26. 26. Material Variances Summary Actual Quantity Actual Quantity Standard Quantity × × × Actual Price Standard Price Standard Price 210 kgs. 210 kgs. 200 kgs. × 0.1 kg per parka× 2,000 parkas × × $4.90 per kg. $5.00 per kg. = 200 kgs $5.00 per kg. = $1,029 = $1,050 = $1,000 Price variance Quantity variance $21 favorable $50 unfavorableMcGraw-Hill/Irwin Slide 26
    27. 27. Material Variances: Using the Factored Equations Materials price variance MPV = AQ (AP - SP) = 210 kgs ($4.90/kg - $5.00/kg) = 210 kgs (-$0.10/kg) = $21 F Materials quantity variance MQV = SP (AQ - SQ) = $5.00/kg (210 kgs-(0.1 kg/parka × 2,000 parkas)) = $5.00/kg (210 kgs - 200 kgs) = $5.00/kg (10 kgs) = $50 UMcGraw-Hill/Irwin Slide 27
    28. 28. Isolation of Material Variances I need the price variance I’ll start computing sooner so that I can better the price variance identify purchasing problems. when material is You accountants just don’t purchased rather understand the problems that than when it’s used. purchasing managers have.McGraw-Hill/Irwin Slide 28
    29. 29. Material Variances The price variance is Hanson purchased and computed on the entire used 1,700 pounds. quantity purchased. How are the variances computed if the amount The quantity variance purchased differs from is computed only on the amount used? the quantity used.McGraw-Hill/Irwin Slide 29
    30. 30. Responsibility for Material VariancesMaterials Quantity Variance Materials Price Variance Production Manager Purchasing Manager The standard price is used to compute the quantity variance so that the production manager is not held responsible for the purchasing manager’s performance.McGraw-Hill/Irwin Slide 30
    31. 31. Responsibility for Material Variances Your poor scheduling I am not responsible for sometimes requires me to this unfavorable material rush order material at a quantity variance. higher price, causing unfavorable price variances. You purchased cheap material, so my people had to use more of it.McGraw-Hill/Irwin Slide 31
    32. 32. Learning Objective 3 Compute the direct labor rate and efficiency variances and explain their significance.McGraw-Hill/Irwin Slide 32
    33. 33. Labor Variances – An Example Glacier Peak Outfitters has the following direct labor standard for its mountain parka. 1.2 standard hours per parka at $10.00 per hour Last month, employees actually worked 2,500 hours at a total labor cost of $26,250 to make 2,000 parkas.McGraw-Hill/Irwin Slide 33
    34. 34. Labor Variances Summary Actual Hours Actual Hours Standard Hours × × × Actual Rate Standard Rate Standard Rate 2,500 hours 2,500 hours 2,400 hours × × ×$10.50 per hour $10.00 per hour. $10.00 per hour = $26,250 = $25,000 = $24,000 Rate variance Efficiency variance $1,250 unfavorable $1,000 unfavorableMcGraw-Hill/Irwin Slide 34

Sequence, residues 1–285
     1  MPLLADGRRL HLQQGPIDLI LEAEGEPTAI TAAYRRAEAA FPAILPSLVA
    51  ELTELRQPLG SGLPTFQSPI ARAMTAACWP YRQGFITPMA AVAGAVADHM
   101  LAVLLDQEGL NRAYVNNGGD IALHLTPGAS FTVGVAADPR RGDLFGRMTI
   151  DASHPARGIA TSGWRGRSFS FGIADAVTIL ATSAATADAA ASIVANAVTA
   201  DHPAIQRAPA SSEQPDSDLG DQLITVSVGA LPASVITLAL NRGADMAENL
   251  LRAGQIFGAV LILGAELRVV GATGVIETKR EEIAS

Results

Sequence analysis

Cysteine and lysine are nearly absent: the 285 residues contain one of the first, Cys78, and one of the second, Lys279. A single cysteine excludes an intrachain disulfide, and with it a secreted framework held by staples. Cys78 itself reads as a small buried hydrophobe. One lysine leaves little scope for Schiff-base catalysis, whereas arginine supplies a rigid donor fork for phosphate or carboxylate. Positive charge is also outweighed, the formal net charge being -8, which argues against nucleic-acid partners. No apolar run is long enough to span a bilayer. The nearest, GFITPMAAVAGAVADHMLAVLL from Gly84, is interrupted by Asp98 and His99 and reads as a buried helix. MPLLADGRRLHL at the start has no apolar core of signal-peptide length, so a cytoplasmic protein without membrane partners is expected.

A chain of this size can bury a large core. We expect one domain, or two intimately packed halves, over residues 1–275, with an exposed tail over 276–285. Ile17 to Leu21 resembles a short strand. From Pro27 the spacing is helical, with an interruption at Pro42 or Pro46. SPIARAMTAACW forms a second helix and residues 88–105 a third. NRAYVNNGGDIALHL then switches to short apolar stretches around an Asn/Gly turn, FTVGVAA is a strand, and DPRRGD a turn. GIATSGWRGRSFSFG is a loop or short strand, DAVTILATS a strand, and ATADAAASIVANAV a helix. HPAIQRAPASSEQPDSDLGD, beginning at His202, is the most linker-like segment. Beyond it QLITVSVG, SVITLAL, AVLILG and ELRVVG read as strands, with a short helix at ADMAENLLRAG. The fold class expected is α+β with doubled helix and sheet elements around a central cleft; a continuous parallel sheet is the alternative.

35. 35. Labor Variances Summary Actual Hours Actual Hours Standard Hours × × × Actual Rate Standard Rate Standard Rate 2,500 hours 2,500 hours 2,400 hours × × $26,250 ÷ 2,500 hours ×$10.50 per hour $10.00 per hour. = $10.50 per hour $10.00 per hour = $26,250 = $25,000 = $24,000 Rate variance Efficiency variance $1,250 unfavorable $1,000 unfavorableMcGraw-Hill/Irwin Slide 35
    36. 36. Labor Variances Summary Actual Hours Actual Hours Standard Hours × × × Actual Rate Standard Rate Standard Rate 2,500 hours 2,500 hours 2,400 hours × × 1.2 hours per parka × 2,000 ×$10.50 per hour parkas = 2,400hour. $10.00 per hours $10.00 per hour = $26,250 = $25,000 = $24,000 Rate variance Efficiency variance $1,250 unfavorable $1,000 unfavorableMcGraw-Hill/Irwin Slide 36
    37. 37. Labor Variances: Using the Factored Equations Labor rate variance LRV = AH (AR - SR) = 2,500 hours ($10.50 per hour – $10.00 per hour) = 2,500 hours ($0.50 per hour) = $1,250 unfavorable Labor efficiency variance LEV = SR (AH - SH) = $10.00 per hour (2,500 hours – 2,400 hours) = $10.00 per hour (100 hours) = $1,000 unfavorableMcGraw-Hill/Irwin Slide 37
    38. 38. Responsibility for Labor Variances Production managers are Mix of skill levels usually held accountable assigned to work tasks. for labor variances because they can Level of employee influence the: motivation. Quality of production supervision. Quality of training provided to employees. Production ManagerMcGraw-Hill/Irwin Slide 38
    39. 39. Responsibility for Labor Variances I think it took more time to process the I am not responsible for materials because the the unfavorable labor Maintenance efficiency variance! Department has poorly maintained your You purchased cheap equipment. material, so it took more time to process it.McGraw-Hill/Irwin Slide 39